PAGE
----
The magnetic field B is preferably applied perpendicularly to the surface of the substrate 10 as described above, but the direction of the application of the magnetic field B is not necessarily required to be perpendicular to the substrate surface as long as the ions can be implanted into the side wall of the step. FIGS. 7( a) and 7(b) illustrate the case where the ions to be implanted have a positive polarity. However, this embodiment is also applicable to a case where the ions to be implanted have a negative polarity.

Seventh Embodiment

FIGS. 8( a) and 8(b) illustrate a case where a semiconductor layer 11 provided on a surface of a P-type silicon semiconductor substrate 10 of a semiconductor device is shaped in a plurality of projection columns thereby to have a plurality of steps. FIG. 8( a) is a sectional view of the semiconductor substrate for explaining an ion implantation method according to this embodiment, and FIG. 8( b) is a plan view of the semiconductor substrate as seen in the direction of projection of ions.

In this embodiment, a magnetic field B is applied so that an ion beam 71 travels spirally with a diameter D greater than a distance d between each two adjacent projection columns. If the magnetic field B is controlled so that the diameter D and the distance d satisfy a relationship d<D, the ions in the ion beam 71 reaching the surface of the substrate 10 are implanted into side walls of the projection columns of the semiconductor layer 11 at a higher probability. Therefore, the ion implantation to the side walls of the projection columns can effectively be achieved.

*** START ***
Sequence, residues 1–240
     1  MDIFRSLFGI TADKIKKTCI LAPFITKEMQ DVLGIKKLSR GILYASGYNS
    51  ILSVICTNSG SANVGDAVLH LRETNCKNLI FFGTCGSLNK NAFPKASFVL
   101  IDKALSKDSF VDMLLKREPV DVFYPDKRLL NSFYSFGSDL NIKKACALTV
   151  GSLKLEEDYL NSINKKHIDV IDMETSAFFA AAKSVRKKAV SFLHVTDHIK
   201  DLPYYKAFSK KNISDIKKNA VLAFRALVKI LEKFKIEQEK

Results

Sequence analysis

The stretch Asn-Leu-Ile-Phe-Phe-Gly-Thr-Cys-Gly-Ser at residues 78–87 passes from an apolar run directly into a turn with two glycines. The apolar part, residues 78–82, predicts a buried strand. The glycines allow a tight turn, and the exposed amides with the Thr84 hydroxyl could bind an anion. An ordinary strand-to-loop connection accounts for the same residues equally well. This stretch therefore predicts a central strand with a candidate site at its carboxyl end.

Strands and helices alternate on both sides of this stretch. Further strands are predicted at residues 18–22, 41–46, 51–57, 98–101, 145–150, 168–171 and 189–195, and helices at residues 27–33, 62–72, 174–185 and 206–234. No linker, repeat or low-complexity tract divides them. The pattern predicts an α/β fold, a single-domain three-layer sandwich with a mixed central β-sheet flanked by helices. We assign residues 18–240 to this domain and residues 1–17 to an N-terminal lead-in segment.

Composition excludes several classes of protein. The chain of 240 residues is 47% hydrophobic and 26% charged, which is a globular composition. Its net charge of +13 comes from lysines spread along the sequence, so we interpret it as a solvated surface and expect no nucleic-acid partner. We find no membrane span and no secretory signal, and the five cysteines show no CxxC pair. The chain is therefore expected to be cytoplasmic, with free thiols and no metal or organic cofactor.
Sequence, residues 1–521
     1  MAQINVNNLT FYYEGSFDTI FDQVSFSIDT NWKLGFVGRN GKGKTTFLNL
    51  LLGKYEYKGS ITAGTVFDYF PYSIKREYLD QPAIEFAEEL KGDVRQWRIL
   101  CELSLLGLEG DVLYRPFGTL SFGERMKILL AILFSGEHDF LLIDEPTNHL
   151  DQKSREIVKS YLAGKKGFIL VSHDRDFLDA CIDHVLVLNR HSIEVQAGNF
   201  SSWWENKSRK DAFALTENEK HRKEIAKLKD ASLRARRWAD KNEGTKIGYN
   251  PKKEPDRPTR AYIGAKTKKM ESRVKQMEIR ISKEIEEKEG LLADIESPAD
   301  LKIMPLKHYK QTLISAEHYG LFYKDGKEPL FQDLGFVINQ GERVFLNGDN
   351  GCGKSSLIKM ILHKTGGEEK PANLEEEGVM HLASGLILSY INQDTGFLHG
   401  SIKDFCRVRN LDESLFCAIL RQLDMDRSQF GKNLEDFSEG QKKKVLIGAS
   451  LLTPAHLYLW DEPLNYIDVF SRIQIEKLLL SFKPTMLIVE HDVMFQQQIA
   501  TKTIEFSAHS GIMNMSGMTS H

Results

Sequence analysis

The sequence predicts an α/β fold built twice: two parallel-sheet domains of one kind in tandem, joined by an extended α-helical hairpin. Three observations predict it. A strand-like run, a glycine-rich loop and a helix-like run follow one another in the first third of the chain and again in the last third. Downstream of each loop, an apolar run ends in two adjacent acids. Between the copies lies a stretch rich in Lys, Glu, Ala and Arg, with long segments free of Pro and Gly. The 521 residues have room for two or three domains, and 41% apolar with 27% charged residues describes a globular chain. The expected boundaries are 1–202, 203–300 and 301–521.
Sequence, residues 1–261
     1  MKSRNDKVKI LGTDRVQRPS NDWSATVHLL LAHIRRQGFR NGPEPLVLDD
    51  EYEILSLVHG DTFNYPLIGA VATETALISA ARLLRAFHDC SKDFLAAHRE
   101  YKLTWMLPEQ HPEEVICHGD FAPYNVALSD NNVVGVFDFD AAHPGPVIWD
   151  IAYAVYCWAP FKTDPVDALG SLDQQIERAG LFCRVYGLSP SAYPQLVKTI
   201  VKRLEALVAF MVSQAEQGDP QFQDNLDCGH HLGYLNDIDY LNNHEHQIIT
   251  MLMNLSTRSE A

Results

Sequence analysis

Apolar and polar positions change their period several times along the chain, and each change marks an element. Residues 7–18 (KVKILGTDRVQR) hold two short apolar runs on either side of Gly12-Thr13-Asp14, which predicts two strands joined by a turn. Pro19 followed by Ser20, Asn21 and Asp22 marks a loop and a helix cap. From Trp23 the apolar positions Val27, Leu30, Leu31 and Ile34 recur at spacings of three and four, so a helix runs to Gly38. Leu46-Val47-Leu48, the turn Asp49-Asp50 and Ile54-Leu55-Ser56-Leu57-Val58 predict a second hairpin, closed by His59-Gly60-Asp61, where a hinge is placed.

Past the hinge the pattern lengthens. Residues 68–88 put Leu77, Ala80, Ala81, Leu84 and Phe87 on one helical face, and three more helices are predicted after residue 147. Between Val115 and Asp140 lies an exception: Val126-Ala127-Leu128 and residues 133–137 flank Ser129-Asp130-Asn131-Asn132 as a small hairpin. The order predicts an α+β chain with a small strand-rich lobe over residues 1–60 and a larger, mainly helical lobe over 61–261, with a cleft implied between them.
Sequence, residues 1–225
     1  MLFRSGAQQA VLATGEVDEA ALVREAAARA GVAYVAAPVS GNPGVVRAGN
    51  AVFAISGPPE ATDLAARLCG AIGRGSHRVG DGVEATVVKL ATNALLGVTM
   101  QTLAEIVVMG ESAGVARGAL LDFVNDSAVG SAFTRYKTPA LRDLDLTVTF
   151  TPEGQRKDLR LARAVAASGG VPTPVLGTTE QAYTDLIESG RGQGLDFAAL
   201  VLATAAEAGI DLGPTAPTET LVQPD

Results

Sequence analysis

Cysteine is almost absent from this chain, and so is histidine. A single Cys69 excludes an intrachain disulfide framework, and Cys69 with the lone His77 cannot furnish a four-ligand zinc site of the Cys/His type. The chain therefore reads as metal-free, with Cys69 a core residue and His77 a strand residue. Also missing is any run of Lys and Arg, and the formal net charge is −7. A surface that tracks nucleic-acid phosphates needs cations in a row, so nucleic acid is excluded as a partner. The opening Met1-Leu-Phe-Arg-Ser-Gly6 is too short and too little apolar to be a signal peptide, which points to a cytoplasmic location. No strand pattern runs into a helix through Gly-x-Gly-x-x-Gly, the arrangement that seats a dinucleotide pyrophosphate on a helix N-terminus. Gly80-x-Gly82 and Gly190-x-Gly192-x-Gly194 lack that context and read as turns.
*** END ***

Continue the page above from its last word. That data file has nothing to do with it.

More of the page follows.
The distance d between the adjacent projection columns of the semiconductor layer 11 and the diameter D of the spiral motion are preferably about 1 nm to about 10 μm, but are not limited to this range.

In the plan views of FIGS. 7( b) and 8(b), the diameter D of the spiral motion of the ions increases toward the substrate 10, but may decrease toward the substrate 10 as shown in FIG. 8 or may be unchanged. The change in the diameter D of the spiral motion of the ions before the ions reach the silicon substrate after the projection of the ions is not particularly limited, as long as the ion implantation can be achieved as desired. FIGS. 8( a) and 8(b) illustrate the case where the ions to be implanted have a positive polarity. However, this embodiment is also applicable to a case where the ions to be implanted have a negative polarity.

According to the present invention, the electric field is applied to accelerate the ions in the one direction, and the magnetic field is applied parallel to the plane extending at the predetermined angle with respect to the one direction. Therefore, the ion implantation parallel to the surface of the semiconductor substrate can be controlled with high accuracy.